Will do some work tonight on this front. Will make for a very worthwhile patch to PCS.



If Red Bull would just...

...sponsor Google Summer of Code, it would make my life much easier (and less expensive).

Works pretty well

After moving everything to Python 2.6 (read: re-installing Pyrex, PyLint, PyLibPcap, and PCS), the packet-queueing process was extremely easy to do. Much easier than I thought it would be. Here's an example of it in action (note that the TCP data that is interpreted by PCS is whatever the equivalent of the ASCII data is).

Note that the output gets a little bit wacky as both processes fight for StdOut.

Python 2.6.2 (r262:71600, May  2 2009, 17:25:25)
[GCC 4.0.1 (Apple Inc. build 5490)] on darwin
Type "help", "copyright", "credits" or "license" for more information.
>>> from packetQueue import *
>>> ipl = IpListener("")
>>> ipl.process.start()
>>> from socket import *
>>> host = gethostbyname(gethostname())
>>> port = 0
>>> text = "Hello"
>>> def send(data=text):
... sender = socket(AF_INET,SOCK_RAW,IPPROTO_IP)
... sender.sendto(data, (host,port))
>>> send()
>>> send(Hello
'This is a test')
>>> ipl.recvQueue.get()
This is a test
<TCP: reset: 0, reserved: 0, dport: 27756, sequence: 1862270976, ack: 0, checksum: 0, ack_number: 0, syn: 0, urgent: 0, window: 0, offset: 0, push: 0, sport: 18533, fin: 0, urg_pointer: 0>
>>> ipl.recvQueue.get()
<TCP: reset: 29, reserved: 13, dport: 26995, sequence: 543781664, ack: 7, checksum: 0, ack_number: 1629516901, syn: 58, urgent: 3, window: 0, offset: 7, push: 14, sport: 21608, fin: 0, urg_pointer: 0>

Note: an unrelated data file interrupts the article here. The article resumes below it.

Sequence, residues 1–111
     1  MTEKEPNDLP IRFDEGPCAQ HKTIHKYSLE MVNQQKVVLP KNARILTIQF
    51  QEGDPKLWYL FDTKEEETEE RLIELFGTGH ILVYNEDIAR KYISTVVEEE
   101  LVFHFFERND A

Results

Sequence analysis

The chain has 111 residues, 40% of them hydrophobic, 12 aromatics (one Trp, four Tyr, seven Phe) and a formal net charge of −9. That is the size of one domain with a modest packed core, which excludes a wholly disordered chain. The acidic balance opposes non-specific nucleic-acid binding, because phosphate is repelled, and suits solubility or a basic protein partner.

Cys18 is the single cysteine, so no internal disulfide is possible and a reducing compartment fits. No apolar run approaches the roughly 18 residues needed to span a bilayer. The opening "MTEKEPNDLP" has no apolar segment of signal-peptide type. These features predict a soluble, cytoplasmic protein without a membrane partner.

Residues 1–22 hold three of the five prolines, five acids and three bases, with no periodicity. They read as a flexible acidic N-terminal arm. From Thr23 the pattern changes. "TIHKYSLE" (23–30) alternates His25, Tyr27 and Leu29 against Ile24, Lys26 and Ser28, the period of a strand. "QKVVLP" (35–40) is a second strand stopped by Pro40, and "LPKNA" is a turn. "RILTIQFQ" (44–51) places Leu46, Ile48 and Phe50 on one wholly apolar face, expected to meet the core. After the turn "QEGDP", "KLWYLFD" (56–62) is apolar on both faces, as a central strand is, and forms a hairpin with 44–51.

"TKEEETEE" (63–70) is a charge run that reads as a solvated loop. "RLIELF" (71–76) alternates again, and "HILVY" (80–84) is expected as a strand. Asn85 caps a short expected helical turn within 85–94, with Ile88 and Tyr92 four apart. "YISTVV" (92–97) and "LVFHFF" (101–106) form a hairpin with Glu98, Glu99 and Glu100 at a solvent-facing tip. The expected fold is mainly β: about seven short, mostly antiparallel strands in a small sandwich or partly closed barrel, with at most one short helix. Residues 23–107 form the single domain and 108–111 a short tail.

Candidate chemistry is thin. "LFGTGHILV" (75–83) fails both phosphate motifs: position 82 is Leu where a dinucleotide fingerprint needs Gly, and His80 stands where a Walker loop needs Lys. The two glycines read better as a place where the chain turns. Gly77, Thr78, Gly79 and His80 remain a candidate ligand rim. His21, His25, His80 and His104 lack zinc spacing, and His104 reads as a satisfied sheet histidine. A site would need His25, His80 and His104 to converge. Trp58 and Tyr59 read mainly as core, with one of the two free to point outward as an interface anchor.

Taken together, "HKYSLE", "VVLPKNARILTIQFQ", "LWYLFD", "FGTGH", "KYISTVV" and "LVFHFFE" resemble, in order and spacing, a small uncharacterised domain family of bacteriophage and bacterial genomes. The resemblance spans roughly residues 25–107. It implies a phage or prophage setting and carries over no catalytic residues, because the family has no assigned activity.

>>> ipl.process.terminate()


First Round Done

Not really a project update, but a worthwhile note: the first round of exams are done at MSU, and I have already completed my second-semester project for my CSE course. There's a paper due on the 25th, and the homework for all of the next week is already done. Should be able to put in some extra time this weekend and the upcoming week. Right now is about 3 weeks from the end of the semester, then my it's hyperspeed.


Thursday, June 11, 2009


Although there IS the catch that if we do not call recv() before the response TCP packet arrives, it will be lost forever (since we are using raw sockets). The easy solution to this is to have a thread that does all of the buffering, as I imagine happens in a real TCP stack. Might have to look into the 'multiprocessing' module. It seems like passing pcs.packets.tcp.tcp objects via a multiprocessing.queue would be the way to go about doing things.

Actually, after reading a bit about the multiprocessing module, this may end up being a non-issue. Just a have a reader thread that reads all of the raw IP data, checks to see if it is the right stuff (i.e. the IP addresses are what were expected, the TCP ports are the expected ports) and then passes it along to the queue. Behind-the-scenes, a call to recv() will just fetch the next item off the queue.


Working with Raw IP

I figure that messing with IP stuff at any point in time is a Bad Idea (TM), so doing anything at all with the pcs IP or Ethernet layer shouldn't be done. Ideally, I should be able to point an IP packet (filled with TCP data and payload) at some IP address, and everything will get sorted out.

I figure it'll work something like the code below (need root, open two Terminals, call recv() before send()). Not sure that much more robustness is needed...

from socket import *
host = gethostbyname(gethostname())
port = 0
text = "Hello"
def send():
sender = socket(AF_INET,SOCK_RAW,IPPROTO_IP)
sender.sendto(text, (host,port))
def recv():
recver = socket(AF_INET,SOCK_RAW,IPPROTO_IP)
data = recver.recv(1024)
print data[20:]


Sunday, June 7, 2009


Is what pylint is.
Integration with PyDev (Eclipse) makes it even better.


Thursday, June 4, 2009

Hi, George


Looks like there's been an issue again...



Delivery to the following recipient has been delayed:

Message will be retried for 2 more day(s)
For help, please quote incident ID 13500304. (state 18).